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The TTT is considered one of the definitive tests; it can provide some really useful information to confirm or rule out a diagnosis of POTS/NCS, etc, and it can also help in planning of treatment. If you decide to go through with the exam, just be prepared to feel really awful afterward. For me, it was no worse than a really bad POTSy day. It was also super tough for me to be without my morning cup of coffee first thing in the morning, which helps get my bp up. Bless my friend who took me for the test and had a HUGE cup of coffee waiting for me when I was done. As my cardio said, I "failed spectacularly" on the test--lost my blood pressure 2x and they stopped the test before I fully fainted b/c my diastolic bp was not detectable and my heart rate started soaring. My test only lasted 15 minutes. However, I have a friend whose test was more than an hour--and they figured out she did NOT have dysautonomia; it helped them realize it was hormones --she had a pitiutary tumor.

Personally, I'd do the test again if my doctor asked, mostly to see if I'm doing about the same, any better or any worse. Of all the tests I've had done that was one of my easier ones! But, I'm with Ernie...I'd much rather ride the real roller coaster!!! Ernie, see you at the amusement park? Cedar Point is great for coaster fans!!

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I didn't know what a tilt table test was for when I got tested. The doctors refused to tell me and I decided I wouldn't bother trying to find out before the test.

During the TTT, I kept thinking this must be how astronauts must feel and I said so at the time. It was the wierdest feeling having all this G force on my body as the table was raising to upright. It was sort of like a roller coaster ride but not much fun, more the feeling of being a lab rat.

I felt nauseous as the test went on which is rather bizarre given nausea is not my normal symtom. My HR was fast and I could feel it. They asked me to tap it out for them which I did with great precision. My HR and BP stabilised and weren't going anywhere after about 10 mins (up or down) so they discontinued the test and diagnosed POTS even thought I hadn't quite gotten the 30 point rise.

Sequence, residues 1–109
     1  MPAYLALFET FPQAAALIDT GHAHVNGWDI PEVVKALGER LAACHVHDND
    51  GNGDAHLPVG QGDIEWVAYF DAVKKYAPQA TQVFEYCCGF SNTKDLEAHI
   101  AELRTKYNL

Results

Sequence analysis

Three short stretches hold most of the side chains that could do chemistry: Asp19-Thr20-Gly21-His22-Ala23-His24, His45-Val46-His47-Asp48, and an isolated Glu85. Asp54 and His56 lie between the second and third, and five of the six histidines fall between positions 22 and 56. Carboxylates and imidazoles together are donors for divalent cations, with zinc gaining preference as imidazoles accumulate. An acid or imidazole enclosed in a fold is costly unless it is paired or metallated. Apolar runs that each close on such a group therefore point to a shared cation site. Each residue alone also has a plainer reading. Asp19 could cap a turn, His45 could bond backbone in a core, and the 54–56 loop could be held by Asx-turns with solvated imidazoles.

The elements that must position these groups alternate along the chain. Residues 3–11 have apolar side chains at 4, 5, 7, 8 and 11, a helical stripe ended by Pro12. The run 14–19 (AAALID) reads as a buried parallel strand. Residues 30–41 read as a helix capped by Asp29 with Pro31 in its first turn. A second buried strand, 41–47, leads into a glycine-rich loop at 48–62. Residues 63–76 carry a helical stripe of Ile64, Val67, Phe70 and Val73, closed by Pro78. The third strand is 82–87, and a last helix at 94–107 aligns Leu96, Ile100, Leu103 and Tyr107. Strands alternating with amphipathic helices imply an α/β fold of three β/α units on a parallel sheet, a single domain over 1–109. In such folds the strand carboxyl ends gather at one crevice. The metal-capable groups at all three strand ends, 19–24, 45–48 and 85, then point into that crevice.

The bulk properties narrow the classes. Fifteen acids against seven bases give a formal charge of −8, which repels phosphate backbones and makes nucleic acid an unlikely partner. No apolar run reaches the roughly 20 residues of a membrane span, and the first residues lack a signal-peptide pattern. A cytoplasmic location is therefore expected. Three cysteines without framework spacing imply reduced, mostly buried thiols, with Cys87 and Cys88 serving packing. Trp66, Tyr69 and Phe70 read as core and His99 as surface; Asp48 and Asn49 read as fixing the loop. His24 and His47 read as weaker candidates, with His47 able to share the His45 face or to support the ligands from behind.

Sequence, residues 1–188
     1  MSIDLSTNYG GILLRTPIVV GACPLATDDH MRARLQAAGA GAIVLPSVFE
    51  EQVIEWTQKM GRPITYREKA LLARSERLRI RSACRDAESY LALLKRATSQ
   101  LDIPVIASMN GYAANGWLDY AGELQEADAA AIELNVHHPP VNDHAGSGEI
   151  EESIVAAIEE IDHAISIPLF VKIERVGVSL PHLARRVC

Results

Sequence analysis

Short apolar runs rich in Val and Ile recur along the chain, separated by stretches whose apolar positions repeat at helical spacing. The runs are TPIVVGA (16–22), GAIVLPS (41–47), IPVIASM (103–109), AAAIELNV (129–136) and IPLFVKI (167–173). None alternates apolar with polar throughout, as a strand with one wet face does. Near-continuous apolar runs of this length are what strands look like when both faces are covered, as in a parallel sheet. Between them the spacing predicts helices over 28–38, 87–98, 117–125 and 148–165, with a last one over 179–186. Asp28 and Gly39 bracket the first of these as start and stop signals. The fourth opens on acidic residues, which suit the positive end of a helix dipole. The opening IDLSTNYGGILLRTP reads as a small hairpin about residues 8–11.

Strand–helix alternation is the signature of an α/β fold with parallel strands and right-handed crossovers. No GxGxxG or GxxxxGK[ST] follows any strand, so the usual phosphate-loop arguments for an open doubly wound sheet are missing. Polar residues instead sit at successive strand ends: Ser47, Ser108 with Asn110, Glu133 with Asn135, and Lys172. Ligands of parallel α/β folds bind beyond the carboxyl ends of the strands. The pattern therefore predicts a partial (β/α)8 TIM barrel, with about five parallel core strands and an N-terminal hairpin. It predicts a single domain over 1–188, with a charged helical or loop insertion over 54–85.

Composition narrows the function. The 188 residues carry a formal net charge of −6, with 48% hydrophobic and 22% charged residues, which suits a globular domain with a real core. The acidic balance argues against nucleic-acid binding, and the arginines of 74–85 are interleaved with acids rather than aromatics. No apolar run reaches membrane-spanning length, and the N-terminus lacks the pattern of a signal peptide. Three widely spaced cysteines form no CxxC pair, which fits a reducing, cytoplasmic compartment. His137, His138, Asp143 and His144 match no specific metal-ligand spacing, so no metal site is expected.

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I've never actually fainted before either, but now that I think about it I do things to make myself less dizzy too. I have a phobia of throwing up so I'm hoping it doesn't make me sick. Also, why do people become more symptomatic when they are being tilted on a table than normal?

That's pretty much the reason - when you're not strapped down to a table, you can do things (move, fidget, sit down lol) that will mitigate your symptoms and keep you from fainting. Like I'll bounce in place. I used to think it was because I was just an antsy person, but now I can see that keeping my calf muscle working keeps my blood moving.

I experimented at home after my tilt and found that standing perfectly still for 10 minutes causes the exact same symptoms. But it's better because at home you can sit down before you black out. :P

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As others have said, your nurse or doctor should ask you to communicate any symptoms you're feeling during the test. I had a lot of symptoms that I wasn't sure if I should mention because for me they are "normal," like my feet went numb after awhile, but I did say something about it and the nurse later said that it was my blood pooling before my bp dropped. Don't be shy about communicating anything you're feeling because I think that there are things that we don't consider that 'abnormal' to us that actually are symptoms of POTS or NCS!

Unfortunately I did feel really sick and nauseous during mine so I can't give you any comfort there, but having the test was so worth it because I was finally able to know what's been causing me to feel so horrible for so long! Also, as bad as you might feel during it, like others have said, you're being monitored by medical professionals, so at least you're in a safe place.

Good luck to you and I hope you get some answers!